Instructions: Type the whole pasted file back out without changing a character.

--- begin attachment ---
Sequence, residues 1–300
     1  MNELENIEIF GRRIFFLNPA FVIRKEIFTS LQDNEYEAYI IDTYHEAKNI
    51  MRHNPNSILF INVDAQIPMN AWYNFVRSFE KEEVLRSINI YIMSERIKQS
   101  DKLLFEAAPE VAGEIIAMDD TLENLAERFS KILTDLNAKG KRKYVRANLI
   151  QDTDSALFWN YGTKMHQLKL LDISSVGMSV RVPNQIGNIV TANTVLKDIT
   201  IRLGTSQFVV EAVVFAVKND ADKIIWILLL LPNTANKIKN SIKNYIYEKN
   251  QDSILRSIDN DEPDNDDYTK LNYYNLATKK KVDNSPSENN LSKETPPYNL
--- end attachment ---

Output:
Sequence, residues 1–300
     1  MNELENIEIF GRRIFFLNPA FVIRKEIFTS LQDNEYEAYI IDTYHEAKNI
    51  MRHNPNSILF INVDAQIPMN AWYNFVRSFE KEEVLRSINI YIMSERIKQS
   101  DKLLFEAAPE VAGEIIAMDD TLENLAERFS KILTDLNAKG KRKYVRANLI
   151  QDTDSALFWN YGTKMHQLKL LDISSVGMSV RVPNQIGNIV TANTVLKDIT
   201  IRLGTSQFVV EAVVFAVKND ADKIIWILLL LPNTANKIKN SIKNYIYEKN
   251  QDSILRSIDN DEPDNDDYTK LNYYNLATKK KVDNSPSENN LSKETPPYNL